• Carmen Milligan

WTF, 1970s?

I was thinking about music the other day. In particular, a certain song to which I know all of the lyrics, and would loudly sing along if it came on the radio. But it doesn't. And it never will, unless there is a program called, "What were they thinking?"

Come to think of it, that may be a fun show!


Anyway, the song on my mind, and lips, if truth be told, was "Muskrat Love" by Captain and Tennille, popular in 1976. Yes, it was about Muskrat Susie and Muskrat Sam having a date, which evidently has a "happy ending". At least that's what I think they meant by "wriggle".


Another song that comes to mind, for some strange reason, is Neil Diamond's "Forever in Blue Jeans". I am not as familiar with this one, but, as far as I can tell, it's about a man's desire to hang out with his significant other, wearing blue jeans.


Then there is "Brand New Key" from Melanie. It's about a girl with a new pair of roller skates, and the boy she is interested in has a key. She keeps skating by his house, but he keeps ignoring her. Finally, she knocks on the door and his mom tells this forward little tarte that he is home, but he is not alone. Take a hint, sister. There are a lot more "keys" out there.


In 1972, Chuck Berry had his only number one hit on the American Billboard with "My Ding-a-Ling". Written about a toy string with bells, the more Berry sings, the more it quickly becomes obvious that he is not playing with that ding-a-ling, but his own "ding-a-ling".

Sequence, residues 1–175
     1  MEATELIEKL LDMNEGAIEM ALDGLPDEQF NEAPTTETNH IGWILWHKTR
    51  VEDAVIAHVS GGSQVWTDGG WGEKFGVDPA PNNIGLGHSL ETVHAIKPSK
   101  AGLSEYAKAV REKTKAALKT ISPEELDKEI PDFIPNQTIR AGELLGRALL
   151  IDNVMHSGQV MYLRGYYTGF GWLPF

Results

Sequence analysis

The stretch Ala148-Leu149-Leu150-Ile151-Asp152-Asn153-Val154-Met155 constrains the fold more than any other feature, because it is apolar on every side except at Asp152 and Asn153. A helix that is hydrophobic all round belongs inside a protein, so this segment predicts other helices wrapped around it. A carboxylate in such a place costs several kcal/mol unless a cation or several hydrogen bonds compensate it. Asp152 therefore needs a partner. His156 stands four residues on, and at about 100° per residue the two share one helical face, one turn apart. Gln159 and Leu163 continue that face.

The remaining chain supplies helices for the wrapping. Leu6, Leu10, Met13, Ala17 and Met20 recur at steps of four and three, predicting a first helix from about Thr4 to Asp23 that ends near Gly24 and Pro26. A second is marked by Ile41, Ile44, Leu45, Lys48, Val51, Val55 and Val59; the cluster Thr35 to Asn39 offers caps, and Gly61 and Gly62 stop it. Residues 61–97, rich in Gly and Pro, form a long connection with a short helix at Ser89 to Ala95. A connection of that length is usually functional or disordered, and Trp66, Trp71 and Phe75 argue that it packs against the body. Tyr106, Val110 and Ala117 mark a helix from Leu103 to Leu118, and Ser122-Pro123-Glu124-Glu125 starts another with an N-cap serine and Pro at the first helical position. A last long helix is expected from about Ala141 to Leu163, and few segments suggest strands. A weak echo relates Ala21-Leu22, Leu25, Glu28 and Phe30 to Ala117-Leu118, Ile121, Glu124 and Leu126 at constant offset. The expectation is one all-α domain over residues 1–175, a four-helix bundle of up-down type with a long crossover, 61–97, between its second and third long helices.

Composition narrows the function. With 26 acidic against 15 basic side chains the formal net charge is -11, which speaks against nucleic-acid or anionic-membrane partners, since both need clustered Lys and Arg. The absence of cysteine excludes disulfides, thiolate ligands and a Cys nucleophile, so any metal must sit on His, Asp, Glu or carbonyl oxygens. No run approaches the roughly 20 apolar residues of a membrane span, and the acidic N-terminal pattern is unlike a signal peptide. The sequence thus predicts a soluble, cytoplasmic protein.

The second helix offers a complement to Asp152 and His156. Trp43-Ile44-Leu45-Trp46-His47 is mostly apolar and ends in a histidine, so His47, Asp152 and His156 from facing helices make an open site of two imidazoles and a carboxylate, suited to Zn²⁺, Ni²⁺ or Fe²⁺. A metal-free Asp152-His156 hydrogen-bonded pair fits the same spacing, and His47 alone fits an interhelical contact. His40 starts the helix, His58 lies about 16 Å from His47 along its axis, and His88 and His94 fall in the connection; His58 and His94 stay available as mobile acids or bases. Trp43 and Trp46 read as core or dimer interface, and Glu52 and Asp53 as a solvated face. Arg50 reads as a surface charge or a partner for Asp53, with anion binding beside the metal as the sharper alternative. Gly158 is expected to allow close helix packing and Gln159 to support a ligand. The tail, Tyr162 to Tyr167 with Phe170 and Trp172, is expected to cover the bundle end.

"The Streak" by Ray Stevens is used by news outlets everywhere when they are replaying anyone who runs naked across a field, rink, court, or any other well-attended venue. It spent three weeks at the number one spot in 1974. The song is written like a reporter is interviewing an eyewitness. THREE weeks at number one.


One song that I always turn up when it plays is "Play that Funky Music White Boy" by Wild Cherry. As far as I can tell, this one is about a rock and roll singer who decides to change his genre to funk. He has a little trouble at first, but soon nails it, as well as "burnin' up the one-night stands".


And this is just the tip of the iceberg. There are soooooo many more songs that would never make it today because they are 1) stupid ("Disco Duck"), 2) politically incorrect ("Hot Child in the City"), 3) cringe-worthy ("Afternoon Delight"). What was happening in the 70s for America to need these nonsensical songs?


Watergate, Kent State, Oil Crisis, death of hostages at Munich Olympics, and the Son of Sam.


Okay, 1970s. You get a pass on this shitty music. You kind of needed it. There is nothing like some dumbass lyrics set to a badass beat to make you forget that there are all kinds of heavy shit going on all around you. All while brought to you by people with huge hair and skin-tight lamé.


Next time, I'll talk about songs from the 70s that still have a major impact and are still hella relevant today. In the meantime, enjoy the worst of this decade's hits.

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